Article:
Healthy Hudson shouldn't come cheap

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I couldn’t help but have a different take on Dave O’Brien’s Tim Hudson piece than Craig did this morning.
My take being that O’Brien should stick to writing about the Braves and give up trying to predict the free agent market.
From O’Brien:

There’s no doubt in my mind (Hudson would) take quite a bit less than $12 mill per season to stay here in a multi-year extension, probably less than $10 mill per. And I don’t think any other team would offer him even that much right now, not until he’s back for a full, healthy and strong season.

I’m not going to argue against the idea that Hudson would take less to stay in Atlanta. But the idea that Hudson will need to settle for less than $10 million or even $12 million per year is bizarre.
Let’s just look back at last year’s contracts for free agent starting pitchers:
CC Sabathia – seven years, $23 million per year
A.J. Burnett – five years, $16.5 million per year
Derek Lowe – four years, $15 million per year
Ryan Dempster – four years, $13 million per year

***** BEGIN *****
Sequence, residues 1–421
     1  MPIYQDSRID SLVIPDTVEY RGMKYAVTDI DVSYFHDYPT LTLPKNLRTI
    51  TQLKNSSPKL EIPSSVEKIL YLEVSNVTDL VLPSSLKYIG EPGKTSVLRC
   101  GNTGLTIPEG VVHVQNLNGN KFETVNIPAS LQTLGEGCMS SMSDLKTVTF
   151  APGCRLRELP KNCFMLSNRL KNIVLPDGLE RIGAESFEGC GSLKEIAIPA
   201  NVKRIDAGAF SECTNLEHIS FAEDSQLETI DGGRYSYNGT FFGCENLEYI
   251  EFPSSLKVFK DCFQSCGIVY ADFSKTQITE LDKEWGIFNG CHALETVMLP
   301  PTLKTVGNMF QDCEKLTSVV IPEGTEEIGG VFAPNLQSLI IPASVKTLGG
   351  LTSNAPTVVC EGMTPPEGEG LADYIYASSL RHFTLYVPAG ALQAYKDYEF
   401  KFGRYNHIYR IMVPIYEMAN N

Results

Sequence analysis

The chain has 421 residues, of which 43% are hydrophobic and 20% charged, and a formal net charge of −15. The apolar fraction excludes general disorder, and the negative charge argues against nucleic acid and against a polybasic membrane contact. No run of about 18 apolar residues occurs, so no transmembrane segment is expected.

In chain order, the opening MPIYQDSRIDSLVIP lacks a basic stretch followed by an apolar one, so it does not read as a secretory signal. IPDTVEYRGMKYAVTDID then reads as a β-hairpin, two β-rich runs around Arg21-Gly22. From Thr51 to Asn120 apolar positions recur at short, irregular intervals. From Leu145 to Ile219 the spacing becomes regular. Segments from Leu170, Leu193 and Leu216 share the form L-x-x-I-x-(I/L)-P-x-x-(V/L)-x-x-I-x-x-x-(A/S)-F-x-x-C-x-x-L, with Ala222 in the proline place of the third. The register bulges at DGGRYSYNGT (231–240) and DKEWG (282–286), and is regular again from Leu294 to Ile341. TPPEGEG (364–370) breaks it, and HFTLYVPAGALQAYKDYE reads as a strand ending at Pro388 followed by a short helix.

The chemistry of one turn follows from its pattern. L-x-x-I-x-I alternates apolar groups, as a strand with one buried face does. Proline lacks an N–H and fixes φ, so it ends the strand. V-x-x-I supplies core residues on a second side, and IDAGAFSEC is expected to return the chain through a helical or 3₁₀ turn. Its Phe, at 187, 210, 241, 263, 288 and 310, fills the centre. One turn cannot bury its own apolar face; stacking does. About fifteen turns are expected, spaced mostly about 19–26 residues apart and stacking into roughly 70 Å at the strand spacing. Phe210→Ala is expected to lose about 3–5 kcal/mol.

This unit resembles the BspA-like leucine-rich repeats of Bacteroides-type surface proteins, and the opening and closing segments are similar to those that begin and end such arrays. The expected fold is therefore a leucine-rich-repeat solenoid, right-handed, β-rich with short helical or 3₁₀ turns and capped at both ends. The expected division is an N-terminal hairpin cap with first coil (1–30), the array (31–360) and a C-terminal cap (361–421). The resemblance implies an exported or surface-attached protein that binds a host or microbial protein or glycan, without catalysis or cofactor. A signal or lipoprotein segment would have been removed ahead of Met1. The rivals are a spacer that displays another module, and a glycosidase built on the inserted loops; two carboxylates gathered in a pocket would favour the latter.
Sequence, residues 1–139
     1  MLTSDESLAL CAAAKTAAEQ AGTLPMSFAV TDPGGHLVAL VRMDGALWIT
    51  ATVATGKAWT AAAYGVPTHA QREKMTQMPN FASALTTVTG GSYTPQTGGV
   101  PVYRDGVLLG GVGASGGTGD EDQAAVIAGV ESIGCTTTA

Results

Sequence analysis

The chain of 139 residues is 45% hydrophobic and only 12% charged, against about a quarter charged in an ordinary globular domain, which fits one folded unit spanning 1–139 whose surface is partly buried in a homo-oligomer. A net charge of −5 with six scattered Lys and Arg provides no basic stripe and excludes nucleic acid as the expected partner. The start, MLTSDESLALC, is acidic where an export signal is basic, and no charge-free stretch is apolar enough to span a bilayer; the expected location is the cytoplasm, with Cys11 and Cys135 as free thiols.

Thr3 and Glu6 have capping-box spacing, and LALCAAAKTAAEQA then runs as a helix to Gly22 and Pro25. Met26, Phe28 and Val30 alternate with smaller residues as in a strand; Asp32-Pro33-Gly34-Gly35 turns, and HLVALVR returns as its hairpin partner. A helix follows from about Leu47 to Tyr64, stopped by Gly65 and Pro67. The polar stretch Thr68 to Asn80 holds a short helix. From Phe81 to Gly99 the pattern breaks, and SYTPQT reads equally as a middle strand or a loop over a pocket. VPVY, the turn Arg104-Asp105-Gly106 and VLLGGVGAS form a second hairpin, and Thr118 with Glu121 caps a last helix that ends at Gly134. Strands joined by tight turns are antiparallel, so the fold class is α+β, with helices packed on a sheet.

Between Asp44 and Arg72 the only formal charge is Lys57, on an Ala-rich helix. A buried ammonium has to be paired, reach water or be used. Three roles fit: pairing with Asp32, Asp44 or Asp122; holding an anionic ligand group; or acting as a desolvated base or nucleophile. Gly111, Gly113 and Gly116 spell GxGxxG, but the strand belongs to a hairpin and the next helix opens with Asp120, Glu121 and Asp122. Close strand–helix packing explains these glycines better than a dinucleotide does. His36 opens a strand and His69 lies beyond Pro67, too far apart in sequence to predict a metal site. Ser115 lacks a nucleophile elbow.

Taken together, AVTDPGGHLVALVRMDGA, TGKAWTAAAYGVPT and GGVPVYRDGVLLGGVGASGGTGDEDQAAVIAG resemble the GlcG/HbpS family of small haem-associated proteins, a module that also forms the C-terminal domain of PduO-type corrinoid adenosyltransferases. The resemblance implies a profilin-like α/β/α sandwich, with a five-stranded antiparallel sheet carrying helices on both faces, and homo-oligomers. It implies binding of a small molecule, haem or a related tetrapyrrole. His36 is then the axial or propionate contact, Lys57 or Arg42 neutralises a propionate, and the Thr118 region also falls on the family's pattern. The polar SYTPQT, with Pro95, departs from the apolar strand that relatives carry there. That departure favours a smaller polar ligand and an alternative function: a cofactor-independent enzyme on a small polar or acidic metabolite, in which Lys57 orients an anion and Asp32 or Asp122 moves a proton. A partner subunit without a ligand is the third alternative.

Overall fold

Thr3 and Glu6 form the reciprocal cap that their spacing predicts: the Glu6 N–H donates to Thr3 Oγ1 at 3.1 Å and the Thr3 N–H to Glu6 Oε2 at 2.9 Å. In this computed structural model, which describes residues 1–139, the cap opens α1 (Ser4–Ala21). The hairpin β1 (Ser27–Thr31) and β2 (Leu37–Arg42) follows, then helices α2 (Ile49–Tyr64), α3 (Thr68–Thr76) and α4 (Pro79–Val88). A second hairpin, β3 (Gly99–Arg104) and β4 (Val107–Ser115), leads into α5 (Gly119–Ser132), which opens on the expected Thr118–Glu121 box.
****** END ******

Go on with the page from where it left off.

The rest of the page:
Oliver Perez – three years, $12 million per year
Kyle Lohse – four years, $10.25 million per year
Not one of those pitchers can match Hudson’s career 126 ERA+ (ERA adjusted for league and ballpark). Sabathia entered free agency at 121 and is at 123 now. Lowe was also at 121. Burnett, who has never had a season ERA+ as high as 126, came in at 111.
And this year’s class isn’t nearly as strong overall. Other than perhaps wild card Aroldis Chapman, who probably isn’t ready to be an asset now, I see only one starter as a better bet than Hudson on a long-term deal, that being John Lackey.
Even that’s iffy. So what if Hudson underwent Tommy John surgery. He made it back in excellent time, and he’s throwing just as hard now as he was before the procedure. His groundball rate is actually better than ever, though it’s a very small sample size. That he’ll end this year having only thrown 65 innings or so, in my opinion, only makes him a better bet for 2010.